An update on the use of image-derived input functions for human PET studies: new hopes or old illusions?

Tommaso Volpi*, Lucia Maccioni, Maria Colpo, Giulia Debiasi, Amedeo Capotosti, Tommaso Ciceri, Richard E. Carson, Christine DeLorenzo, Andreas Hahn, Gitte Moos Knudsen, Adriaan A. Lammertsma, Julie C. Price, Vesna Sossi, Guobao Wang, Paolo Zanotti-Fregonara, Alessandra Bertoldo, Mattia Veronese

*Corresponding author for this work

Research output: Contribution to journalReview articlepeer-review

7 Citations (Scopus)

Abstract

Background: The need for arterial blood data in quantitative PET research limits the wider usability of this imaging method in clinical research settings. Image-derived input function (IDIF) approaches have been proposed as a cost-effective and non-invasive alternative to gold-standard arterial sampling. However, this approach comes with its own limitations—partial volume effects and radiometabolite correction among the most important—and varying rates of success, and the use of IDIF for brain PET has been particularly troublesome. Main body: This paper summarizes the limitations of IDIF methods for quantitative PET imaging and discusses some of the advances that may make IDIF extraction more reliable. The introduction of automated pipelines (both commercial and open-source) for clinical PET scanners is discussed as a way to improve the reliability of IDIF approaches and their utility for quantitative purposes. Survey data gathered from the PET community are then presented to understand whether the field’s opinion of the usefulness and validity of IDIF is improving. Finally, as the introduction of next-generation PET scanners with long axial fields of view, ultra-high sensitivity, and improved spatial and temporal resolution, has also brought IDIF methods back into the spotlight, a discussion of the possibilities offered by these state-of-the-art scanners—inclusion of large vessels, less partial volume in small vessels, better description of the full IDIF kinetics, whole-body modeling of radiometabolite production—is included, providing a pathway for future use of IDIF. Conclusion: Improvements in PET scanner technology and software for automated IDIF extraction may allow to solve some of the major limitations associated with IDIF, such as partial volume effects and poor temporal sampling, with the exciting potential for accurate estimation of single kinetic rates. Nevertheless, until individualized radiometabolite correction can be performed effectively, IDIF approaches remain confined at best to a few tracers.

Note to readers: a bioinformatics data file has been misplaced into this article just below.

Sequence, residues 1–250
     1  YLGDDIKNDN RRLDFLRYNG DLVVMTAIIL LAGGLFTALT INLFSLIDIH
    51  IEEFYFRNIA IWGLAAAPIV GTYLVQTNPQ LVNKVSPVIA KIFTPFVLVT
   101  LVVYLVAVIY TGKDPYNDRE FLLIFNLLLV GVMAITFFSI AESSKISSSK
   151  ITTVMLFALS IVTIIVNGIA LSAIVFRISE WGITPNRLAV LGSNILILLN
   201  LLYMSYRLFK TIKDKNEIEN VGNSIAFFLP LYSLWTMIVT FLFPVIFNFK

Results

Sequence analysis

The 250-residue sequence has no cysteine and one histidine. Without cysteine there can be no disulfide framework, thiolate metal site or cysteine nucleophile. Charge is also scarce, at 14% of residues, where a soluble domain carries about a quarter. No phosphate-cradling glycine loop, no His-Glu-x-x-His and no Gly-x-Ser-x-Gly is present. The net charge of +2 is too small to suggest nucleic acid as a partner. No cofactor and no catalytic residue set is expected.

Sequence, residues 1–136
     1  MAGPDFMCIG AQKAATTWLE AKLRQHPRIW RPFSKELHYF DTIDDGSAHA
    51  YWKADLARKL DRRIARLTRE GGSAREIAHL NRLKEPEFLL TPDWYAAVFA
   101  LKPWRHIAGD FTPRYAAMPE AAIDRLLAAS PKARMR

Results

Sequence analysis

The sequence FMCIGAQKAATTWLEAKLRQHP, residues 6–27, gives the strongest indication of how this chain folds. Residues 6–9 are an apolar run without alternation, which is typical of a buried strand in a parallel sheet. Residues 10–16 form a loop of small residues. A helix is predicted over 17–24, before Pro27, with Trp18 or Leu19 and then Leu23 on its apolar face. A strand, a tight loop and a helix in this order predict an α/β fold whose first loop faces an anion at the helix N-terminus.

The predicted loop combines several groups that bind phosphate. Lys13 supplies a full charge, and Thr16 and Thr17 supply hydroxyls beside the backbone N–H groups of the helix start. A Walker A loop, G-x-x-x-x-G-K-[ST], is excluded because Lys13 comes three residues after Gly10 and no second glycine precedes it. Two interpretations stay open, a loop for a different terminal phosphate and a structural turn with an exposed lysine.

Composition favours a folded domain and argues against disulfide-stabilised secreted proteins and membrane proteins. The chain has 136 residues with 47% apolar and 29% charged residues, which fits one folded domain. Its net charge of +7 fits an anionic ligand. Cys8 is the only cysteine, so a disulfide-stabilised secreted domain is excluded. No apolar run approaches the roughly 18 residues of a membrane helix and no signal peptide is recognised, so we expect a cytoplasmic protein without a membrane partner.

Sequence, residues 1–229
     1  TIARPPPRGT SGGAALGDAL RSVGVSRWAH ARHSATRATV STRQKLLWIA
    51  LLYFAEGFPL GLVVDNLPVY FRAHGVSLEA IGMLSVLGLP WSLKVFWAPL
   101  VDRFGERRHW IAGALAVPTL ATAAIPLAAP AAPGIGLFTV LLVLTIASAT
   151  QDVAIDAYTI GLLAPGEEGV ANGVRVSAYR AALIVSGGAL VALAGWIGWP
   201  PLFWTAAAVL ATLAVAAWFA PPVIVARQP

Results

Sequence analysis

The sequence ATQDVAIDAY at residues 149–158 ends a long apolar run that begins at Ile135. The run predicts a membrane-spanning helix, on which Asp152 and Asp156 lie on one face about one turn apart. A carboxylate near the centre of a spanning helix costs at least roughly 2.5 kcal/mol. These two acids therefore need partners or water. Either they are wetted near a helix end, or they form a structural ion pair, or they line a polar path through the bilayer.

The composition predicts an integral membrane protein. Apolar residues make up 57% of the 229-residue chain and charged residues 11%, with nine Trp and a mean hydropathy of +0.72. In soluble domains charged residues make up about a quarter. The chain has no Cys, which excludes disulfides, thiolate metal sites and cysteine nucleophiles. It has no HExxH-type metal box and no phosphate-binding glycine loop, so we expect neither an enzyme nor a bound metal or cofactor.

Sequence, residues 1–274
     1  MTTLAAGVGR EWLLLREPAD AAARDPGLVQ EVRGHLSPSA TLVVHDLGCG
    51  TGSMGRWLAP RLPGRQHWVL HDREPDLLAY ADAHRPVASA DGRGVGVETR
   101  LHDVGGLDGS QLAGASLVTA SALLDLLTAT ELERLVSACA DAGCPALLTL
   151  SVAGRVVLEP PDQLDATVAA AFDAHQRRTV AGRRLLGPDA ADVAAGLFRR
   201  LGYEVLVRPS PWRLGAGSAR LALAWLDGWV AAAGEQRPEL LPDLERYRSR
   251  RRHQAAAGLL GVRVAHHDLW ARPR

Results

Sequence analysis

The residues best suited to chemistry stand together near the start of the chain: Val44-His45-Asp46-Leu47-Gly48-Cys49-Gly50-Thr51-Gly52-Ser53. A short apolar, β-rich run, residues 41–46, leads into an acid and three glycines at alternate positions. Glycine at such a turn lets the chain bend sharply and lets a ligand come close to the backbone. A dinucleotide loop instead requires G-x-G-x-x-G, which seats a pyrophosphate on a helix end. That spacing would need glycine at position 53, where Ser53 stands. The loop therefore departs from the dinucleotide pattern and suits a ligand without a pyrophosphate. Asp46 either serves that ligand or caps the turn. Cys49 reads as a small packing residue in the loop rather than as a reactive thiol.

Original languageEnglish
Article number97
JournalEJNMMI Research
Volume13
Issue number1
DOIs
Publication statusPublished - 2023

Keywords

  • Blood sampling
  • High sensitivity
  • Image-derived input function
  • Long axial field of view
  • Total-body PET

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